MiG

Viet Hai Nguyen

Development of an omni-directional mobile robot platform

Betreuer: Prof. Dr. Raul Rojas , Prof. Dr. Jens Krause
Abschluss: Master of Science (M.Sc.)
Abgabedatum: 11.03.2013

Kurzbeschreibung

What do fish and humans have in common? Both can swim. What do bees and human have in common? Both work. What do birds and human in common? Can they fly? No, humans cannot fly, however humans found solutions to let them fly. What made humans able to find these solutions? Was it their intellectual thinking? Do animals have intelligence as well? Yes, in fact each individual can do basic work but every single animalalone is weak. But comparing the individual intelligence of a human with that of an single animal is not appropriate. A phenomenon that can be observed is the collaboration within a group of animals and if they work together suddenly there is no weakness anymore. Recent researches on the collaboration and social behavior of animals used new experimental approaches. For instance robotic technologies are applied in current research and those approaches coined the notion of biorobotics. In particular two systems are preferred: biomimetic and bioinspired systems.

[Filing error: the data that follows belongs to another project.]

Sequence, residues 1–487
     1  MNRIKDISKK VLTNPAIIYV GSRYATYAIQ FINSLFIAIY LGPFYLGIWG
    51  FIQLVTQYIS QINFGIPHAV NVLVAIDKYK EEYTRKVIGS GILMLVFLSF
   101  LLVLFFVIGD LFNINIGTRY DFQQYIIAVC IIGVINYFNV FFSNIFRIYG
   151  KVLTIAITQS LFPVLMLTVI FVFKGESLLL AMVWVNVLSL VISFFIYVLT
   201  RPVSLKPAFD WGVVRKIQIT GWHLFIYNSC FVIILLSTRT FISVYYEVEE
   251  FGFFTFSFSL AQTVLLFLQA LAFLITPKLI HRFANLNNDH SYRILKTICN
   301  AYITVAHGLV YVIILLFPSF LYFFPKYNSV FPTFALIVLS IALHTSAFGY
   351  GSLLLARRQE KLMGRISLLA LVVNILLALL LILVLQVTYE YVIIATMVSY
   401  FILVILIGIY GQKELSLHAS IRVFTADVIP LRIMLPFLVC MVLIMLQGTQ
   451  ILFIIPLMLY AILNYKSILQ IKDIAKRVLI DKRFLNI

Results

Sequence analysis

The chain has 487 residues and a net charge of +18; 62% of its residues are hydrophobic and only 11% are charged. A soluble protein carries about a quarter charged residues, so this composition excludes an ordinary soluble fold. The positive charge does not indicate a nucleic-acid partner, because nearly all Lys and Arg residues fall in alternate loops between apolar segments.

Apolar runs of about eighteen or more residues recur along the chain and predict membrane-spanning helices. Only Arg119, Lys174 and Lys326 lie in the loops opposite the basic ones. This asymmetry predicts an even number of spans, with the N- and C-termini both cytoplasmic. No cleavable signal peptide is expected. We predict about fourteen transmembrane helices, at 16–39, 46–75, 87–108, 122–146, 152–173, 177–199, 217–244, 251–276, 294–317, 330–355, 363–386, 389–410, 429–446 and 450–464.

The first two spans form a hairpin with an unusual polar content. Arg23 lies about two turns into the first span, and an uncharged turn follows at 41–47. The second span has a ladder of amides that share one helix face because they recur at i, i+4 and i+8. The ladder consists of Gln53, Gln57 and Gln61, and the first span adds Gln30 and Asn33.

Based on the previous work in [20] and its related researches in [21] and [22], this master thesis presents the development of an improved biomimetic "Robofish" system, which uses an omni-directional mobile robot enabling biologists to conduct research on collective behaviour in fish shoals. A major achievements accomplished within the thesis is the prototyping of the hardware platform as well the implementation of the software to facilitate the experimentation.

Key words: robotics, biomimetics, swarm intelligence, social behavior.

 

[20] Romain O. Clément et al. A novel method for investigating the collective behaviour of fish: introducing ’robofish’. Behav Ecol Sociobiol, May 2010.

[21] Krause S Hemelrijk CK Rubenstein DI Krause J, Hoare D. Leadership in fish shoals. Fish Fish 1:82-89, 2000.

[22] Ruxton GD Krause J. Living in groups. 1st edn. Oxford University, 2002.



 

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